Ever since their introduction in 1966, Kustom amps have appealed to players with the So-Cal styling of their upholstered “Tuck & Roll” Naugahyde exteriors and the raw beauty of their kick-ass tones. Although these wild amps fell out of favor in recent decades, I’m pleased to see that top players are rediscovering the unique performance that only a Kustom amp can deliver. In particular, the new all-tube Kustom ’36 Coupe and ’72 Coupe combos are continuing the company’s heritage of attention-getting looks and propelling the company forward with soul-stirring boutique tones.
Features The original Kustom amps were wrapped in the company’s trademark padded Tuck & Roll. On the Coupe amps, that vintage styling is recalled with a single panel of the cushioned covering that accents the Tolexcovered cabinet. It’s a nice touch that blends well with the Coupes’ otherwise refined appearance. Although my test amps were wrapped in basic black Tolex, Kustom offers a range of hot solid and sparkle colors.
The ’36 and ’72 Coupe amps are built in Cincinnati, Ohio, using U.S. and imported parts. The ’36 Coupe produces an appropriate 36 watts from its two 6L6 tubes, while the ’72 Coupe utilizes a second pair of 6L6s to generate 72 watts of total power. In each model, the power tubes are housed in a protective mesh cage. Likewise, each amp uses four 12AX7 tubes in the preamp section.
Featurewise, both amps are essentially identical. Each has a two-channel (Rhythm and Lead) design that includes dual inputs, volume and master controls for each channel, a pull-bright function on the volume knobs and a three-band EQ that’s shared by both channels. Furthermore, each amp houses an Accutronics reverb tank and provides a reverb level and reverb tone control, but the ’72 Coupe also has tremolo and vibrato circuits with dedicated level knobs and a master speed dial.
Even on the backside, these amps have nearly identical feature sets that include an all-tube effect loop, a direct XLR output that features speaker-emulation circuitry and a recessed level control, and a recessed pot that controls the level of volume boost available on the included three-button footswitch. In addition to the boost function, the footswitch lets you switch silently between channels and turn the onboard effects on and off. Unique to the ’72, a tiny switch on the back of the amp assigns either the reverb or the vibrato/ tremolo circuits to be footswitchable.
Twelve-inch KEI speakers are used in both amps: one in the ’36 and two in the ’72. Specially designed in conjunction with Eminence, the speakers deliver a perfect mix of punch and complexity.
Performance Judging by the Coupes’ retro looks, I expected them to approximate the punchy and sparkling tone of their late-Sixties predecessors. It was a fair assumption and one that turned out to be correct. Still, I never imagined that the Coupes were also capable of medium- and high-gain textures that compete well with tones from amps that cost three times more.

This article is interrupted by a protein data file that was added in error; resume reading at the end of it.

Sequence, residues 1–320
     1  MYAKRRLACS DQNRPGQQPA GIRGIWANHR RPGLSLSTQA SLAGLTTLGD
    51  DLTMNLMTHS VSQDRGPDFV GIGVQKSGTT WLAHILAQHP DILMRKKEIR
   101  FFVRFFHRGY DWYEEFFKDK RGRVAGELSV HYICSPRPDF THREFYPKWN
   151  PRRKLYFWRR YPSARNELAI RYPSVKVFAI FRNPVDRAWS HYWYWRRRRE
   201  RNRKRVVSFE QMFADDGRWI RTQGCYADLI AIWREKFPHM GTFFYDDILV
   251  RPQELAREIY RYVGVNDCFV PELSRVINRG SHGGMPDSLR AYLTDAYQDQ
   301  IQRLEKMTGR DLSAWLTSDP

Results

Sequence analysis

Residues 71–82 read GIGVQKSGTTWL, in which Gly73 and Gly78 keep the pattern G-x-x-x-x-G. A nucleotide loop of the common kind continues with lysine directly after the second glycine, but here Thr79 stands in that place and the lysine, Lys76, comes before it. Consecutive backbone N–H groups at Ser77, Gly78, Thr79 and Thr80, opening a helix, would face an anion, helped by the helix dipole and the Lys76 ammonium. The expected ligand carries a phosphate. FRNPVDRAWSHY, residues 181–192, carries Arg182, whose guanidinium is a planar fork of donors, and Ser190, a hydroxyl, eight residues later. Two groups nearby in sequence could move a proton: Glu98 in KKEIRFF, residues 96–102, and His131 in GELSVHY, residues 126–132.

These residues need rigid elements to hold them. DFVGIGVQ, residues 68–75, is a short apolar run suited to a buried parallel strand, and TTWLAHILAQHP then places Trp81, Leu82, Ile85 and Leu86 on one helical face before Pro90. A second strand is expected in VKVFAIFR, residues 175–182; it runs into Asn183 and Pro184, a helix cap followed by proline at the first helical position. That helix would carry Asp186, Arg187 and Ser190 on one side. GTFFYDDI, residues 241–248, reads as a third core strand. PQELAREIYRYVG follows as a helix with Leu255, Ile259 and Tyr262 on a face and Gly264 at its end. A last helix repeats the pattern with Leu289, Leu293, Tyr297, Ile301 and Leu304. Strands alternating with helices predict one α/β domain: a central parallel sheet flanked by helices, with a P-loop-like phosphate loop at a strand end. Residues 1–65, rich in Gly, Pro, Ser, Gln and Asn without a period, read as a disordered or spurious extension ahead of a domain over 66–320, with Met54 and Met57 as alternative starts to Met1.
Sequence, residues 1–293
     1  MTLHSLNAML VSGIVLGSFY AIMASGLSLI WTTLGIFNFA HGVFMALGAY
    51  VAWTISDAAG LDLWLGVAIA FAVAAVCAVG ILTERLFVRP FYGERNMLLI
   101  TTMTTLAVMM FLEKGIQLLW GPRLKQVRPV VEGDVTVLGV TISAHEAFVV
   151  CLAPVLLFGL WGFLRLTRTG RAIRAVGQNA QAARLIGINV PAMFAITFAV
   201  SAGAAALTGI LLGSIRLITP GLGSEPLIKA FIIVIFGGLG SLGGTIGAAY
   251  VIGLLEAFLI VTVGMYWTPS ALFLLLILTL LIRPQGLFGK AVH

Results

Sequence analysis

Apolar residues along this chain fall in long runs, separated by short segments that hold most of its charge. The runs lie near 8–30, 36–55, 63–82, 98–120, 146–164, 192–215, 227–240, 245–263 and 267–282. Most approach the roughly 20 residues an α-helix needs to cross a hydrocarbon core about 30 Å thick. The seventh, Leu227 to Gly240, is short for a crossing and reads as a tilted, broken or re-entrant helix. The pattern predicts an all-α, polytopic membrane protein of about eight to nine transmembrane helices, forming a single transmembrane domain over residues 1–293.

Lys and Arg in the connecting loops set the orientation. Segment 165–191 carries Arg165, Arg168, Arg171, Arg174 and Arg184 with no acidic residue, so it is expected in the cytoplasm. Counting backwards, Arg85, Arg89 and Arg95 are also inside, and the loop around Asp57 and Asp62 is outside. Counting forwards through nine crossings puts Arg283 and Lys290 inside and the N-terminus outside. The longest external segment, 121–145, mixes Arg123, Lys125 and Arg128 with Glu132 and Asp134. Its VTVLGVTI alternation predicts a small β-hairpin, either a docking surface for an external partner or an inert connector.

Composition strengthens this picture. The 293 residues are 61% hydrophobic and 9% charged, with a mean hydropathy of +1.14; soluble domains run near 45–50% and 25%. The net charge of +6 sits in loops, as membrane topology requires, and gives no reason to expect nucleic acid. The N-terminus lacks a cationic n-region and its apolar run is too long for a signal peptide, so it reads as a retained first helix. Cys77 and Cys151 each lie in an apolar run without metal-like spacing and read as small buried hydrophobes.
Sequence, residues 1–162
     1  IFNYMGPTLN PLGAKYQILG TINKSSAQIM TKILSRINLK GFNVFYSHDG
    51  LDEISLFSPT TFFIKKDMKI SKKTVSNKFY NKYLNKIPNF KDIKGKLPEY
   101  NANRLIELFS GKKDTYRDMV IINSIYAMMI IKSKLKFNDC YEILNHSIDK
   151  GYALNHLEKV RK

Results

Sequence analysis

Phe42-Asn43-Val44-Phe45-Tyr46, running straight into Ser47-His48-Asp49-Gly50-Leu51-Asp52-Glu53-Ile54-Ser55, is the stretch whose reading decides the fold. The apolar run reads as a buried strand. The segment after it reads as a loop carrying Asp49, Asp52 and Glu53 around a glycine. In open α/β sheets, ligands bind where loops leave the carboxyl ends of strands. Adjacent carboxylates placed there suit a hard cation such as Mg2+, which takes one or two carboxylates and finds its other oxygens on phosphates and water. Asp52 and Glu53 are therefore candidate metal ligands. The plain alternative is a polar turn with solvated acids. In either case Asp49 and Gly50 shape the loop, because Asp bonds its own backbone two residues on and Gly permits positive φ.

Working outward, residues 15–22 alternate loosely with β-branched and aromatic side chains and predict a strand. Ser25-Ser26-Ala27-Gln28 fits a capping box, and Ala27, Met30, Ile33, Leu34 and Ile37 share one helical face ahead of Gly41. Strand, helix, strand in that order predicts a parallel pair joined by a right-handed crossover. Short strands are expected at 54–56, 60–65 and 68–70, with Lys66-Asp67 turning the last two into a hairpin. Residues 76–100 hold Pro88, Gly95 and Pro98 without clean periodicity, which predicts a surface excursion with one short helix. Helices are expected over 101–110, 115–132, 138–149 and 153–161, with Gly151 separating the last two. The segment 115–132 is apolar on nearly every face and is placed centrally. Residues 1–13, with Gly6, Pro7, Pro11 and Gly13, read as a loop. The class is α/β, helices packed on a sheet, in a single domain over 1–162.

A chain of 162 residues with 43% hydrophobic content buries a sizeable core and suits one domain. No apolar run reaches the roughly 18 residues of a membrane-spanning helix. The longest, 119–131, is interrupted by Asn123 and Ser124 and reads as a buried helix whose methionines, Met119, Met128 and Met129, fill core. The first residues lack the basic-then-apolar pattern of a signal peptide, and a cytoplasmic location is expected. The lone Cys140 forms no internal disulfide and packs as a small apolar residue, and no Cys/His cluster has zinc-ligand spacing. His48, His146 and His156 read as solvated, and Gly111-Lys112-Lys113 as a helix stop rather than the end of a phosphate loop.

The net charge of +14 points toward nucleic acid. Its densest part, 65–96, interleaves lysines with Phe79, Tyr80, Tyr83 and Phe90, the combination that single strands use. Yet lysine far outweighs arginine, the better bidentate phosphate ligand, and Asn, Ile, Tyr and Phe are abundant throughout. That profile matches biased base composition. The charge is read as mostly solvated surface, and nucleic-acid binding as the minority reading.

I quickly found the classic punchy Kustom tone in the Rhythm channel by using low volume settings, turning the master past five and activating the bright function. Playing through the channel with my ’60s Strat Relic, these settings let me relive the vintage Kustom tone: slightly crunchy notes with a singular focus bloomed and dissipated, leaving glistening overtones. Of course, as I increased the gain, the rhythm channel’s tone became thicker and warmer, yet the focus remained.
To test the lead channel, I switched to my Les Paul Custom and set the amp’s gain high. The tones encountered in the Lead channel’s stratosphere would be pure ear candy for any Billy Gibbons fan. All of my chords and single notes were blissfully complex, full of sustain and dripping with gooey asymmetrical harmonic sets. Activating the bright mode in this channel tightened the bass response, increased the musical presence from the power amp and seemed to add a spatial element to the entire amp’s presentation. The sound was extremely impressive. Better still, the footswitchable boost let me increase the total output easily.
The reverb on both Coupes was particularly pleasing. The Accutronics tanks in these amps delivered clear and beautiful echoes. The ’72 Coupe’s tremolo and vibrato circuits were just as remarkable, and once I had engaged them, I had no desire to turn them off. It’s also worth noting that the engineers did a wonderful job of time tweaking the XLR direct output and the emulation circuit to the output to mimic the sound of those wonderful Kustom/Eminence speakers.
Apart from the obvious power difference, the two amps were not dramatically different when it came to tones. The ’36 Coupe’s wide-bodied 1x12 Baltic Birch cabinet produced an enjoyable degree of additional resonance, but I found myself equally addicted to the ’72 Coupe’s headroom and vibrato/tremolo circuits.
The Bottom Line The Kustom ’36 and ’72 Coupe combos produce arousing and fresh tones. Although they wouldn’t be my choice for a metal outing, I can easily see either of them as my “go to” amp for any rock, blues or country gig. By the way, don’t let those old-school looks fool you. The extremely affordable Kustom Coupes can hold the road with any modern amp on the market.